Tuesday, February 5, 2013

A Slice of Supply Chain Visibility

Super Bowl XLVII - 2013 happened. Being from the West Coast I've only know football mid-day with a barbeques. So along with the change in timezone came a change in climate and the need to order food. And as a Super Bowl favorite - pizza was on the menu. I compared experiences with a friend who ordered Dominos and one who order Papa Johns and couldn't help but wonder how supply chain management could impact wait time.

Store             Wait Time
Dominos          90min
Papa Johns      45min

Even though I had to do little planning, companies like Papa Johns have been preparing for this single day with great expectations. Super Bowl weekend is one of the most significant sales days of all year and they don't want any customers to stay home empty handed or be inconvenienced out of a sale. Just like BestBuy stocks their inventory prior to the big day, pizza joints prepare adequate supplies and staff to meet the expected demand.

To improve supply chain efficiency it helps to see what's going on and when. Not just limited by customer trackers that tell you when you're order is being baked or boxed this idea of visibility goes to the beginning of the line like the cheese manufacturer. So we're going to talk a little about visibility in the supply chain.

Supply chain visibility (SCV) is the ability to track products in transit: This includes parts, components or inputs from the manufacturer to final destination. With this information stakeholders can make quick reactions to changes in demand and supply.[1]

For example, Dominos has a cool thing for bored and hungry customers. You can see what your pizza is up to. This link talks a little about that. And this link asks why large manufacturers cannot  how that visibility implementation could make a huge impact in the supply chain world.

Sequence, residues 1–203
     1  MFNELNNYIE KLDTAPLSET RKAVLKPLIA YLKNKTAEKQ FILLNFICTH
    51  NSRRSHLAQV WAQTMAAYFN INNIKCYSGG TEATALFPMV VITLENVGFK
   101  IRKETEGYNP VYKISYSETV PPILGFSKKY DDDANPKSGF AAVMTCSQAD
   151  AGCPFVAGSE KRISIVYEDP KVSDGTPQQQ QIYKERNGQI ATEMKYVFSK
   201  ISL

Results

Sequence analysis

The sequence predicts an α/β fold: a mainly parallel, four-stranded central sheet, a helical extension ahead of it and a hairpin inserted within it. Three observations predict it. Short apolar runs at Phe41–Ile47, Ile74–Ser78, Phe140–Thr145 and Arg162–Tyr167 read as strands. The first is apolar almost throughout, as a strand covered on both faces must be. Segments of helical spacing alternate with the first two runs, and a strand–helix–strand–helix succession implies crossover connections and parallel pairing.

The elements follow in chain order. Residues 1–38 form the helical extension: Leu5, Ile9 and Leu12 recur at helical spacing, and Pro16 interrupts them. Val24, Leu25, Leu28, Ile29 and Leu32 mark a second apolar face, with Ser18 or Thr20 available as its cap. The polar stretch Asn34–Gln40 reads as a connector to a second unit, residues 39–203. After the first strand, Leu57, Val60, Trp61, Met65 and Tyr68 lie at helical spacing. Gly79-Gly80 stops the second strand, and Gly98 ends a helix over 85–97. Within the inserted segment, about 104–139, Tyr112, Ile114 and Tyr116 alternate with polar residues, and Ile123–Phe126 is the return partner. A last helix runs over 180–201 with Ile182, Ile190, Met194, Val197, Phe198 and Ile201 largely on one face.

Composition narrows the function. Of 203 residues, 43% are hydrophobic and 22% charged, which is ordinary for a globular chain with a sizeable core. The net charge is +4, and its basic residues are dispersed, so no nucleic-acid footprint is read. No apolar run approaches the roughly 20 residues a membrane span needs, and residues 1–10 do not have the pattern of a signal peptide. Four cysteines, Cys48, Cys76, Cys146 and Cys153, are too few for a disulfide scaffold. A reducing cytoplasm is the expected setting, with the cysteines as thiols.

Dominos didn't have much information on-line about the unseen part of their supply chain and even had some events inviting bloggers to write about supply chain stuff. Of what was found, I saw they process large batches of dough but I did not find anything about their system of getting dough out the door.

Papa Johns on the other hand has one-uped Dominos in the pizza tracking arms race. More about their GPS system and TrackMyPizza can be found here. And Papa Johns had a lot more information about real time tracking of raw materials to stores. The article here discusses a little about the data they track and how it gets implemented. 

While the absence of supply chain info online doesn't mean Dominos' supply chain is less effective, the supply chain might be why my pizza came sooner from Papa Johns during high demand.

So to leave with a question: I wonder how do franchises design supply chains to meet the needs of multiple owners with varying skills, track records and variability?

1 comment:

  1. This comment has been removed by a blog administrator.


Note: Only a member of this blog may post a comment.